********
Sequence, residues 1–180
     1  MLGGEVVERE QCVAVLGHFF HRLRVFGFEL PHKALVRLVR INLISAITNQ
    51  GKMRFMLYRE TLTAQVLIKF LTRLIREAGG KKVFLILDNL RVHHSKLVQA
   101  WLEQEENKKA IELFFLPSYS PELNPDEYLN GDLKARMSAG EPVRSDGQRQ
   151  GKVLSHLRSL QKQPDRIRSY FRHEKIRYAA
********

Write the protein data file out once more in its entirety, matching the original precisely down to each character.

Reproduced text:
Sequence, residues 1–180
     1  MLGGEVVERE QCVAVLGHFF HRLRVFGFEL PHKALVRLVR INLISAITNQ
    51  GKMRFMLYRE TLTAQVLIKF LTRLIREAGG KKVFLILDNL RVHHSKLVQA
   101  WLEQEENKKA IELFFLPSYS PELNPDEYLN GDLKARMSAG EPVRSDGQRQ
   151  GKVLSHLRSL QKQPDRIRSY FRHEKIRYAA